Justin Kurzel’s reworking of Macbeth has been lauded over the last year. The film has been heralded as a masterpiece, with Michael Fassbender in the role ‘he was meant to play’. Here’s the good news: they’re all right. Macbeth is incredible.
The first thing you notice, from the very moment the film begins, is the cinematography – Director of Photography Adam Arkapaw has immediately placed himself among the greats with this film alone. The shots have beautiful palettes; foggy, feral blues broken by solitary figures and craggy mountains, scorched, earthy, symbolic reds – it’s a masterclass in imagery. There’s gorgeous, sulpheric yellows used for the witches. Light is played with wonderfully, falling across people’s faces as a delightful metaphor; this is a film of shadows, of fog, of men half-seen. Macbeth is obscured by fire and smoke, as brutal as the world he exists within.
The shots are gorgeous, with gloriously cinematic slow-motion shots of battle interspersed with almost guerrilla style, unrefined focuses on faces, swords, crucifixes. He strikes a wonderful balance, creating a polished piece of work whilst still retaining the wildness of the Scottish highlands, the brutality of the weather and the volatility of the situation – anything cleaner would have taken away from the tone of the film.
The music throughout is also tonally perfect; throaty, grating strings score battles, murders. It’s as feral as the rest of the movie is, as unembellished. It never intrudes upon a scene – it builds tension, yes, but never outshines a moment, never allows itself to become the focus. The story is everything, and every note played serves only to draw upon this. The final crescendo, scoring the fiery, red death of Macbeth, is stunning – perhaps the finest death music since The Assassination of Jesse James by the Coward Robert Ford. One of the most powerful, foreboding moments in recent cinema comes when a young children’s choir sing to King Duncan – for a moment, it’s quiet except for their voices, and as the camera cuts from Macbeth and Lady Macbeth to the tragic King, it says more about what is to come than any line of dialogue ever could.
King Duncan (David Thewlis) is equal parts regal and raw – everything in this film, no matter what, is tinged with a brutality, given to it by war, death, and the Scottish wilderness. Everything has a glint in it’s eye, an almost palpable tether so very nearly reached, and it’s glorious to behold. Duncan is no exception. In Thewlis’ time onscreen, he manages to bring wonderful gravitas to the ill-fated king; his voice is a soft, low animal growl, never needing to go any louder to make himself heard. His quiet assurance is the antithesis of Macbeth’s manic guilt.
As Macbeth himself, Michael Fassbender is electric. Wonderfully unnerving, he manages to place the Thane somewhere between maniacal and weary; sometimes his eyes are hooded, as though he can barely keep them open, and other times they are so alive, burning with ferocity. It’s a fine line to walk without coming across as inconstant, and in less capable hands this Macbeth might have fallen as either boring or impenetrably insane – Fassbender does neither. His madness is his torment, he’s plagued by demons, and this drives him further and further into tyranny. Every moment he is onscreen is triumphant. In fact, he’s only superceded by one person.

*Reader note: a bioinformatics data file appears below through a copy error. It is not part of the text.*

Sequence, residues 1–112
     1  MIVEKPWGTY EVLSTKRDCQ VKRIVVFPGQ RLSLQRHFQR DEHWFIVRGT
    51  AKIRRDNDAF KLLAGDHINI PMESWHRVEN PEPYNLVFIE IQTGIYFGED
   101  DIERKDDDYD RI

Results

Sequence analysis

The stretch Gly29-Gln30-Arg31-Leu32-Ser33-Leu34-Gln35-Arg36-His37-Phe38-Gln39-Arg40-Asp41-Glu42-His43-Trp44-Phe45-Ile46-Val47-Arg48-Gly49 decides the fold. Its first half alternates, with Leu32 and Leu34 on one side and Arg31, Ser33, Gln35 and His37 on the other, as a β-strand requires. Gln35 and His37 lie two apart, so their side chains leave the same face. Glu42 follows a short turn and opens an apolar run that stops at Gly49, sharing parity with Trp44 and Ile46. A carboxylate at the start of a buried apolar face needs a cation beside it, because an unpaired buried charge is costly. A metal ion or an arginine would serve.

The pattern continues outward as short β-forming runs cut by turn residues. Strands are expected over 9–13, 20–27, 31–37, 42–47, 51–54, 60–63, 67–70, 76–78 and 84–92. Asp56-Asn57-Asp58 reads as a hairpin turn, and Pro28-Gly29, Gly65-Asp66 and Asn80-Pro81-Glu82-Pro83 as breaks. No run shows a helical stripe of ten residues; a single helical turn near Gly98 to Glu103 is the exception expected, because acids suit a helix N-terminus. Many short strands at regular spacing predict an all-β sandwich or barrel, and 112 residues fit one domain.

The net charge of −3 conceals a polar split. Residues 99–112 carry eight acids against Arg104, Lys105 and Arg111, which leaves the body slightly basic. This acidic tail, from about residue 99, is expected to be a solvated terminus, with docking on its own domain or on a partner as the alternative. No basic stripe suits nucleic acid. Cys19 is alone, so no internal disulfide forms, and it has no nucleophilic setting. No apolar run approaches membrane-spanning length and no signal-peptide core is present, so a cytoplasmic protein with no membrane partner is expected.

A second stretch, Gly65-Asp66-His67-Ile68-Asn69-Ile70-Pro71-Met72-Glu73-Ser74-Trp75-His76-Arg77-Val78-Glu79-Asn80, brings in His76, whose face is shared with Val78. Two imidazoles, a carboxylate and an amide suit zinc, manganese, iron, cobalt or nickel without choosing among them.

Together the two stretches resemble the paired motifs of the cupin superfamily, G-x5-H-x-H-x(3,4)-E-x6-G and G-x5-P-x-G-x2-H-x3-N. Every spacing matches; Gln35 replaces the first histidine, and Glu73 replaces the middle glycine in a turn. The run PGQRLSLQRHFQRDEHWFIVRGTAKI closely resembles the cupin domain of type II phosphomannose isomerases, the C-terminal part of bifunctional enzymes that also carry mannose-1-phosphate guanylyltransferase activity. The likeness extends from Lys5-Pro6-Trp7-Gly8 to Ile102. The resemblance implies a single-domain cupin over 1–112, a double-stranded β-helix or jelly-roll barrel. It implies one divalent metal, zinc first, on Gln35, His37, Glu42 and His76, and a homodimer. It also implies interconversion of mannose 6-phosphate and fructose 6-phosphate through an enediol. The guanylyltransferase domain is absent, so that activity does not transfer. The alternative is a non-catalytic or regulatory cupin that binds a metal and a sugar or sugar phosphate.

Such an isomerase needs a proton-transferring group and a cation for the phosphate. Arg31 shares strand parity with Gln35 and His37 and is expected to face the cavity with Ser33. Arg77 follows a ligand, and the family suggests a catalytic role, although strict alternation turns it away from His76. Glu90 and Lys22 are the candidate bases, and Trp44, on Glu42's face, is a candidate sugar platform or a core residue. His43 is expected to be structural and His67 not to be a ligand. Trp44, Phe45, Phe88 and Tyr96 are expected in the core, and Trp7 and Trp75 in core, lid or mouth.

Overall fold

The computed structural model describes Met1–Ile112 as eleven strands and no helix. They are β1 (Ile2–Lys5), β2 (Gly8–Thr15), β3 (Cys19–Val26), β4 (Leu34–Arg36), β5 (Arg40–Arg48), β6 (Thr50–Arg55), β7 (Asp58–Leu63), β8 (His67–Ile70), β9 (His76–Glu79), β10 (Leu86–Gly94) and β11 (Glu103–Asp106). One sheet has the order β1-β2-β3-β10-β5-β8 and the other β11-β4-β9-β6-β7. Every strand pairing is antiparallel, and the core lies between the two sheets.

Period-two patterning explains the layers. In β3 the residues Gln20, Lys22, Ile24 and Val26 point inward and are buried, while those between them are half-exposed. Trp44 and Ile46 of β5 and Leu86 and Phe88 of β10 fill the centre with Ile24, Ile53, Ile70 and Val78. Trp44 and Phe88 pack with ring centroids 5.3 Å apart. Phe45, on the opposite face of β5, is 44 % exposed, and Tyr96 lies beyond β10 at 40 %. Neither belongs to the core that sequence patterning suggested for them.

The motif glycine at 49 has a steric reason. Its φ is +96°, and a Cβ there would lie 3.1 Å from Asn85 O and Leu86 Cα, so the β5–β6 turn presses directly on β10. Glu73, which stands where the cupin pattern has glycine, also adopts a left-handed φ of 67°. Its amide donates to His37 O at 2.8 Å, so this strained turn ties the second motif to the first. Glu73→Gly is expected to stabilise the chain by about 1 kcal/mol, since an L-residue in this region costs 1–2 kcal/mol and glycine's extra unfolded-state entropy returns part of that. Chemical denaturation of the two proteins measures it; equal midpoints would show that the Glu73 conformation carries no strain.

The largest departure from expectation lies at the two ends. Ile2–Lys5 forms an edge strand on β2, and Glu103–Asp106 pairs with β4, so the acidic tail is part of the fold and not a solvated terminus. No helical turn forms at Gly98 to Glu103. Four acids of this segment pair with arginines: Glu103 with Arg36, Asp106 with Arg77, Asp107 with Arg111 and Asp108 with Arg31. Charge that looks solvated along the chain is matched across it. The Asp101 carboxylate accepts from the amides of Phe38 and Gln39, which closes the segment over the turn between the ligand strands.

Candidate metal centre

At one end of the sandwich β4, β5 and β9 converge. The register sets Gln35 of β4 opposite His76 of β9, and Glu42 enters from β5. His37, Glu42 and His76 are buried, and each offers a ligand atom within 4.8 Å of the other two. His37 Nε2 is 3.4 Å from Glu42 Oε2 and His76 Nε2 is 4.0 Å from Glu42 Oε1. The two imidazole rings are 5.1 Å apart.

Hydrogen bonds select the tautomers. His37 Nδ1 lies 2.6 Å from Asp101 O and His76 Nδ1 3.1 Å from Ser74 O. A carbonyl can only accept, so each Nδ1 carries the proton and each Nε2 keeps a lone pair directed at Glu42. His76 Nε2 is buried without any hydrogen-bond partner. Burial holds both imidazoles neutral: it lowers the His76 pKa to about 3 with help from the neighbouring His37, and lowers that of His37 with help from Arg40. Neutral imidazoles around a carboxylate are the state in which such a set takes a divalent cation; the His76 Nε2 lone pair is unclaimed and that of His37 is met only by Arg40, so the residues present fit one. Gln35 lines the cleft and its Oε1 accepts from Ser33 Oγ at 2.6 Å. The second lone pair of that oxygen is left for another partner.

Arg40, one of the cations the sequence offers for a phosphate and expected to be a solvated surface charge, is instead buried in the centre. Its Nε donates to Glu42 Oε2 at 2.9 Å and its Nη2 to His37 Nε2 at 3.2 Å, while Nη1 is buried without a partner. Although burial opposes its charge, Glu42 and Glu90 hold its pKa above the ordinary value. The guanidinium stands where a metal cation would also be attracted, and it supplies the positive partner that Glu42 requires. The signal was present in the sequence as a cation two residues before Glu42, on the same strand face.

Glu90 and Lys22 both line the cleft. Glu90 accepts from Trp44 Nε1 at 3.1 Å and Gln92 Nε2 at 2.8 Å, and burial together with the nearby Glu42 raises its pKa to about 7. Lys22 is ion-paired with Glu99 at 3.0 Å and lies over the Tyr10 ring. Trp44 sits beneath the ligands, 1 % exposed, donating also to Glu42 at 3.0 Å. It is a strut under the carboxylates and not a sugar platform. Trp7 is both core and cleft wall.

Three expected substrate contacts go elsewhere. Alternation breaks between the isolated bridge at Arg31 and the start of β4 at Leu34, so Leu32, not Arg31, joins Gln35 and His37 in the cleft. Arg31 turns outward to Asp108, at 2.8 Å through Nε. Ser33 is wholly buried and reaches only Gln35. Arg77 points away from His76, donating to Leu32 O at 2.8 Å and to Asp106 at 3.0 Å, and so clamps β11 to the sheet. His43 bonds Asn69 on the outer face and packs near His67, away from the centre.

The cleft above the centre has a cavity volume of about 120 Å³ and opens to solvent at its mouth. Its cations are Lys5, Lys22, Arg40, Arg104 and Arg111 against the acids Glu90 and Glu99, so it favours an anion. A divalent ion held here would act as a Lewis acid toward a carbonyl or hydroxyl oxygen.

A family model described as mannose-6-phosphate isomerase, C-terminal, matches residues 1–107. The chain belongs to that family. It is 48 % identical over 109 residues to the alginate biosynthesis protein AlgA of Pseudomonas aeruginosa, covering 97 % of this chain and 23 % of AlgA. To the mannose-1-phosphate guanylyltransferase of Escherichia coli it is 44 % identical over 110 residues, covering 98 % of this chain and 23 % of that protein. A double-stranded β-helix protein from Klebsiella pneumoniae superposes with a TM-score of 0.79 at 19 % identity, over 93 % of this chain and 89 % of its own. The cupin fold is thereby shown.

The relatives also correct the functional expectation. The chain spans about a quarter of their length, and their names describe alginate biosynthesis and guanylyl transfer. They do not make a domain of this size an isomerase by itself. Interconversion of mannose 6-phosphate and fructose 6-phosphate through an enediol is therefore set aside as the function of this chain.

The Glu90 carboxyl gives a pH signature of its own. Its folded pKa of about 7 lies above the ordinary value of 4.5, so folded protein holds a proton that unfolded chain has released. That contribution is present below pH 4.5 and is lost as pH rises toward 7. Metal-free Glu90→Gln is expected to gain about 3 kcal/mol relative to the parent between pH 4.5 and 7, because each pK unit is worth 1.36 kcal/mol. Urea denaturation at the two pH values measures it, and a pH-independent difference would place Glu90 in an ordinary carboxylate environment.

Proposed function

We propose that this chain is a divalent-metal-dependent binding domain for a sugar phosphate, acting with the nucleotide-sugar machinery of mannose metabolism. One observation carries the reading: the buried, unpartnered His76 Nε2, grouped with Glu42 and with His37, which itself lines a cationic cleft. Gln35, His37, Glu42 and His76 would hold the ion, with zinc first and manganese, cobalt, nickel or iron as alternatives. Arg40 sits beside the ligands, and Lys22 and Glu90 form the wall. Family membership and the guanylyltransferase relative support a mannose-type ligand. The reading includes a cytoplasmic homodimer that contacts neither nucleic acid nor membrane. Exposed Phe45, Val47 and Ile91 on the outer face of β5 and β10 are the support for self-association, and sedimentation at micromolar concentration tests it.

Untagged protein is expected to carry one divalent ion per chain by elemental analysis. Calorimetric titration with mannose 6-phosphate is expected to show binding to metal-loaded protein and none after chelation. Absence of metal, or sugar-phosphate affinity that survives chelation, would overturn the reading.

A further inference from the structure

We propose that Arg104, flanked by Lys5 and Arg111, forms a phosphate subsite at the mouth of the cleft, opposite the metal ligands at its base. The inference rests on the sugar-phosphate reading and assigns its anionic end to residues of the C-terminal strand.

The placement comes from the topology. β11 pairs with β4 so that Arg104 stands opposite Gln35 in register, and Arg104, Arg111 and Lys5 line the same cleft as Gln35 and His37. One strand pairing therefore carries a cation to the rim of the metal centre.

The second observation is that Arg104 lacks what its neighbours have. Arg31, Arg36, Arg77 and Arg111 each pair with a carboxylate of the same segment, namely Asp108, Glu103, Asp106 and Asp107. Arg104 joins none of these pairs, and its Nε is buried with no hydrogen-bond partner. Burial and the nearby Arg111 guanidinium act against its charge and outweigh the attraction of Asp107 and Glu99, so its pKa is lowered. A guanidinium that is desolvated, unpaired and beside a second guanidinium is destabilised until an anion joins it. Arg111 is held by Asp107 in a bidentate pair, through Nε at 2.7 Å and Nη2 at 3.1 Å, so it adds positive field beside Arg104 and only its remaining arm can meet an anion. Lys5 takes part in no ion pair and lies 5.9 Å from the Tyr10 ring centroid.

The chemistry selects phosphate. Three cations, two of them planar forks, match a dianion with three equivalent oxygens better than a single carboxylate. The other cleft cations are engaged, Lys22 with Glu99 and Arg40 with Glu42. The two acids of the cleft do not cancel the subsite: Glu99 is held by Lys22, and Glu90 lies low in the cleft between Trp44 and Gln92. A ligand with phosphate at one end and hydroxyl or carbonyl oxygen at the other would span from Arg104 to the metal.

Marion Cotillard as Lady Macbeth is a revelation. She begins power-hungry, almost Wicked Queen-like in her nature, and Cotillard holds this with a stony composure. It’s as the film moves further, though, that she begins to shine. Rather than play on the madness of Lady Macbeth as the play does, Kurzel’s Lady is tortured by the actions of her husband, wracked with guilt. Following their child’s death, her grief is twisted, embittered, but it is only after her husband falls victim to paranoia that this stops driving her ruthless ambition and she falls apart. Cotillard does this effortlessly, moving from sinister to gut-wrenchingly lost. Her speech is beautiful, crisp – perhaps a residual effect of having a French accent deliver Shakespearean English, but it works completely. Every word means something to her.
The power shifts between the pair are stunning; public and private is made so much of. In front of his people, Lady Macbeth is the serving, devoted wife – in private, she is his devil’s advocate, a quiet puppeteer. As the film goes on, however, their power falls away, and we see them for what they really are – wreckages in crowns. Their morals are as desolate as the heaths that surround them, their crowns no more than a trophy built on the backs of murder and betrayal.
Though the DVD’s extras are interesting – an interview with Justin Kurzel and a focus on Cotillard’s Lady Macbeth prove fascinating to any Shakespeare lovers – it might be worth watching them another day. What you really want to be left with is Kurzel’s final image; a young boy, holding a sword, running into an abyss of ash and smoke. Whether it be prophetic or solely stylistic, you couldn’t leave a film on a more powerful moment.
Dir: Justin Kurzel
Scr: Jacob Koskoff, Michael Lesslie, Todd Louiso
Prd: Olivier Courson, Danny Perkins, Tessa Ross
Starring: Michael Fassbender, Marion Cotillard, David Thewlis, Paddy Considine, Sean Harris, Jack Reynor, Elizabeth Debicki
DOP: Adam Arkapaw
Music: Jed Kurzel
Run time: 113 minutes
Macbeth is available on Digital HD January 25th 2016 and is out on DVD, Blu-Ray & Limited Edition Blu-Ray Steelbook February 1st 2016.